Fig. 5 shows the distribution of stress in the axial direction  at the cross section 180° from the welding starting point for the as-machined state (Rc=0.0), Rc=10.0, Rc=25.0, and Rc=50.0. The dynamic effect is considered in this analysis, so the stress distribution obtained by the proposed analysis system contains the dynamic effect, such as the inertial term. Therefore, to remove the dynamic effect from the stress distribution, quasi-static elastic plastic analysis is performed after each Rc is reached. This is to simulate the shot peening finishes after each Rc is reached. As shown in Fig. 5, the outer surface has compressive stresses at the as-machined state near the welded part. In this case, due to the arrangement of experimental apparatus, shot peening was carried out to the outer surface. From Fig. 5, it can be seen that the stress at the outer surface is small for the as-machined surface, and larger compressive stresses are found at Rc=10.0 (b), Rc=25.0(c), and Rc=50.0(d).

Fig. 5 Axial stress distribution at the cross section 180° from the welding starting point


Fig. 6(Left) Comparison of axial stress distribution between analysis and XRD along line A-B

Fig. 7(Right) Comparison of axial stress distribution between analysis and XRD along line C-D


Fig. 6 shows the distribution of stress in the axial direction  along line A-B. In the figure, the red solid line shows the welding residual stress (as weld). The green dotted line, dashed line are the stresses at Rc=10.0, 25.0, respectively, and the blue solid line is those at Rc=50.0. The red triangles and blue circles are the stresses measured by XRD after welding and shot peening, respectively. From Fig. 6, it can be seen that the as-weld residual stresses obtained by the analysis agree very well with those by XRD. It is also found that difference between the stress distribution at as-weld and that at Rc=10.0 is large, and with the increase in Rc, the compressive stress in the peening region becomes larger. Regarding the stress distribution in the peening region, the stress distribution at Rc=50.0 can reproduce the measured values well. It can also be seen that the change in the stress distribution is large in the peened region, and the change is small in the other region.

Fig. 7 shows the distribution of stress in axial direction along line C-D, which is cut-through thickness direction. In these figures, the green dotted line, dashed line, and the blue solid line are the stresses at Rc=10.0, 25.0, and 50.0, respectively. To show the change of the stress distribution in cut-through thickness direction due to the progress of shot peening, the shot peened stresses are compared with those at as-machined (Rc=0.0) which is shown as the red solid line in Fig. 7. From this figure, it is found that the difference between the shot peened stress distribution and the as-machined stress distribution is larger with the increase of Rc. It can also be seen that the shot peened stress distribution gets closer to the as-machined stress distribution in the distant region from the outer surface and the difference between these distributions becomes almost zero at 7mm from the outer surface.

As shown in this chapter, the shot peened stress distribution can be predicted by using the proposed analysis system and the analysis finished within the realistic computing time of 10 days. These kinds of simulation are very difficult with conventional method such as commercial FE software because of its unrealistic computing time. In addition, it can be expected to contribute to the further accurate evaluation of FC or SCC by considering the predicted residual stress distribution.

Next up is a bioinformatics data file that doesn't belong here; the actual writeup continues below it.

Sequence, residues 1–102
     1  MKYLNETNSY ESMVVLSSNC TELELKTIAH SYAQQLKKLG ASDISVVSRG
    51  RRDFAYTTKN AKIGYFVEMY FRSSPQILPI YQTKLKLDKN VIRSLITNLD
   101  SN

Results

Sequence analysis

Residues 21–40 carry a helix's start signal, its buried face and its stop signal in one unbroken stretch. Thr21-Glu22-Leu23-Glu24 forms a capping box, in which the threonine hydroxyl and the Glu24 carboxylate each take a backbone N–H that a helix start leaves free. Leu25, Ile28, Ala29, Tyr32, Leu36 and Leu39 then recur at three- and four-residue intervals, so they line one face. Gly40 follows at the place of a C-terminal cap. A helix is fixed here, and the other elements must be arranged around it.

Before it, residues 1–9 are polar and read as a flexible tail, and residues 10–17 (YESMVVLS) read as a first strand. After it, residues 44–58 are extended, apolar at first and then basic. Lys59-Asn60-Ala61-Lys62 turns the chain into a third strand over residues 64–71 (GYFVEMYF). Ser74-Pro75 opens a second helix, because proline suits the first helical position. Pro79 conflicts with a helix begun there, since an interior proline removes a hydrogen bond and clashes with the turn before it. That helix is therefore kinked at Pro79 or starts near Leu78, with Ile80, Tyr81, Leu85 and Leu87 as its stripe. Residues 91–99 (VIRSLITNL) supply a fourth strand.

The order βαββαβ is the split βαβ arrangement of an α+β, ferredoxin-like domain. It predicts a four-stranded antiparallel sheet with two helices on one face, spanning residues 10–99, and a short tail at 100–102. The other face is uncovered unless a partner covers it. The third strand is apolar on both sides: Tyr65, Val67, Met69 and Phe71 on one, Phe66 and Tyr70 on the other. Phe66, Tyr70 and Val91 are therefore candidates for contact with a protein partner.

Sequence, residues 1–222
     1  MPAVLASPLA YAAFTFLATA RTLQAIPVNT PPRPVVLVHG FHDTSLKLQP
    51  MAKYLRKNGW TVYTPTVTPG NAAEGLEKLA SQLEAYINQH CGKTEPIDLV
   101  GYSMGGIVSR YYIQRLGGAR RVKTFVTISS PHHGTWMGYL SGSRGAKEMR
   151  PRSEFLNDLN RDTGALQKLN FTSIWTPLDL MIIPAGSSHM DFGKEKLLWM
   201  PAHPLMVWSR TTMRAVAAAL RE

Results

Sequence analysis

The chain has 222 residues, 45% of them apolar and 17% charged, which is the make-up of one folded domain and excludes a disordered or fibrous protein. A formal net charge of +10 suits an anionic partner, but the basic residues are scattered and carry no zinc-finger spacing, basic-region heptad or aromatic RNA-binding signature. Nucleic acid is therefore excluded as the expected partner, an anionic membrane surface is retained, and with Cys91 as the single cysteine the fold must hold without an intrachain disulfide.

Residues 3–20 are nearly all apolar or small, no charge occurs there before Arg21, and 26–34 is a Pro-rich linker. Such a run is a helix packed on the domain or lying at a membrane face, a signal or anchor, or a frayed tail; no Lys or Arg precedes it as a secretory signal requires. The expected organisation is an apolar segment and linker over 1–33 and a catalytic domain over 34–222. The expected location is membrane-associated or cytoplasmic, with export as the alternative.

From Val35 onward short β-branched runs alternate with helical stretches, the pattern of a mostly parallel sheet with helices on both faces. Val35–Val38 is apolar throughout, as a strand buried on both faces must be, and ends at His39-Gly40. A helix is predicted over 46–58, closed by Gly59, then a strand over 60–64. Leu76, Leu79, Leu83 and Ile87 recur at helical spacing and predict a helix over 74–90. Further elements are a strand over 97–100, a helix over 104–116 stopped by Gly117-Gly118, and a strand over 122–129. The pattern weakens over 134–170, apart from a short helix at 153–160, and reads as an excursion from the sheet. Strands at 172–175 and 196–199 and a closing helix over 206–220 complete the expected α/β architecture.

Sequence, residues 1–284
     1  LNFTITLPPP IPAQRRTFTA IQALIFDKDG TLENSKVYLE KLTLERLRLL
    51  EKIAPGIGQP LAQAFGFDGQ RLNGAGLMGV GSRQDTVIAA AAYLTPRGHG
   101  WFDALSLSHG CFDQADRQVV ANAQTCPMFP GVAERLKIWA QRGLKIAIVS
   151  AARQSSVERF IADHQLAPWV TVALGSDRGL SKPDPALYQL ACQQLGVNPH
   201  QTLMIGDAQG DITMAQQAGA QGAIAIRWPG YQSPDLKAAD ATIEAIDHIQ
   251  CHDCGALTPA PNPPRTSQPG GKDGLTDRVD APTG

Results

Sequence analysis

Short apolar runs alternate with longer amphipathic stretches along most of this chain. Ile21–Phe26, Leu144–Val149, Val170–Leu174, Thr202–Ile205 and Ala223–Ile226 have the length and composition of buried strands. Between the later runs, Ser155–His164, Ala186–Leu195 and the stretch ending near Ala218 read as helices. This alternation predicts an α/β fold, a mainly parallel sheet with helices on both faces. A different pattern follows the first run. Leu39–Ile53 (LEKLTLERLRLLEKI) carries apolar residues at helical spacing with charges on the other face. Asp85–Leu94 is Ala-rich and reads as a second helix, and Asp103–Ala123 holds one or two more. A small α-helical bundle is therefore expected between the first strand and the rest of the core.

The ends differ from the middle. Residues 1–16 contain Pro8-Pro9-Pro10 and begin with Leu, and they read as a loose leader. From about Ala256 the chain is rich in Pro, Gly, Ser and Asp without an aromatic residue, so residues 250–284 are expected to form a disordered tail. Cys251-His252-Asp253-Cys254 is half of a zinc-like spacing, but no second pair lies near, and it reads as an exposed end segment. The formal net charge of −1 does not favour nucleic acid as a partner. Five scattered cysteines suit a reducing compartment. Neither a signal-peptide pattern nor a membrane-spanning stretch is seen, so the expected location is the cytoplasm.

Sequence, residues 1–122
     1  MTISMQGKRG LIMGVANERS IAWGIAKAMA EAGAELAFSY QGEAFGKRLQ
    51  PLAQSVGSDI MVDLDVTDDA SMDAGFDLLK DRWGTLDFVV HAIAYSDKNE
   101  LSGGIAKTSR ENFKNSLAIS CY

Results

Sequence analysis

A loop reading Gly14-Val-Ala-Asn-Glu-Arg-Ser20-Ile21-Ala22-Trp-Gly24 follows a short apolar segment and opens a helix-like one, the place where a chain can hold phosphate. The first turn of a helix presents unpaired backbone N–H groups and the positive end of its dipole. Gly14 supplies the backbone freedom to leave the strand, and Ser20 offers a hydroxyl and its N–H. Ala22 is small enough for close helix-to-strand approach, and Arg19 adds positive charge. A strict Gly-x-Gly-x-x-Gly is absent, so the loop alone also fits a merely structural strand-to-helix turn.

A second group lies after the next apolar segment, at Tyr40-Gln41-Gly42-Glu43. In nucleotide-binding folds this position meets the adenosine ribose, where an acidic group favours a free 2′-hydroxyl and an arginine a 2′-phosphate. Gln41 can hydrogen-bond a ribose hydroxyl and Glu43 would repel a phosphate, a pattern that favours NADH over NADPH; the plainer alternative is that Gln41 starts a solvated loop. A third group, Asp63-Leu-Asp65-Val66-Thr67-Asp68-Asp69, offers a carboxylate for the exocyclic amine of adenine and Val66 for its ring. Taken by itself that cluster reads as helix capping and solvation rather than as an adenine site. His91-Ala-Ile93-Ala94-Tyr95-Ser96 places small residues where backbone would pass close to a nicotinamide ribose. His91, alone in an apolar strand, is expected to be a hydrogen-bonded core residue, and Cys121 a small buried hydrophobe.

A part of this work is the result of “Development of a basic technology for the safety assessment of residual stress improvement method on nuclear power plant structures” carried out under the Center of World Intelligence Project for Nuclear S&T and Human Resource Development by the Ministry of Education, Culture, Sports, Science and Technology of Japan.

6. Reference

  1. 1. M. Jebahi, A. Gakwaya, J. Levesque, O. Mechri and K. Ba: Robust methodology to simulate real shot peening process using discrete-continuum coupling method, International Journal of Mechanical Science, Vol.107 (2016), pp.21-33.
  2. 2. M. Benedetti, V. Fontanari, M. Bandini and D. Taylor: Multiaxial fatigue resistance of shot peened high-strength aluminium alloys, International Journal of Fatigue, Vol.61 (2014), pp.271-282.
  3. 3. X. Sheng, Q. Xia, X. Cheng and L. Lin: Residual stress field induced by shot peening based on random-shots for 7075 aluminum alloy, Transactions of Nonferrous Metals Society of China, Vol.22 (2012), pp.s261-s267.
  4. 4. K. Ikushima and M. Shibahara: Prediction of residual stresses in multi-pass welded joint using Idealized Explicit FEM accelerated by a GPU, Computational Materials Science, Vol.93 (2014), pp.62-67.
  5. 5. P. Wriggers: Nonlinear Finite Element Methods, Springer (2008).
  6. 6. K. Ikushima and M. Shibahara: Large-scale non-linear analysis of residual stresses in multi-pass welded pipe welds by idealized explicit FEM, Welding in the World, Vol.59 (2015), pp.839-850.
  7. 7. K. Ikushima, M. Shibahara, K. Akita, H. Suzuki, S. Morooka, S. Nishikawa, T. Furukawa: Numerical analysis of residual stress distribution on peening process, Welding in the World, Vol.61, No.3 (2017), pp.517-527.
  8. 8. M. Shibahara, H. Serizawa and H. Murakawa: Finite element method for hot cracking using interface element (3rd report) - development of static-dynamic hybrid method, Journal of Kansai Society of naval Architects Japan, No.235 (2001), pp.161-169.
  9. 9. A. Maekawa, A. Kawahara, H. Serizawa and H. Murakawa: Fast three-dimensional multipass welding simulation using an iterative substructure method, Journal of Materials Processing Technology, Vol.215 (2015), pp.30-41.
  10. 10. Y. Kawada, S. Kodama and M. Kurita: The Change of Residual Stress due to Plane Bending Cyclic Stress in Shot Peened Specimens, J. Soc. Mater. Sci. Jpn., Vol.17 No.183 (1978), pp.1120-1123.

7. Contact

Japan Society of Maintenology (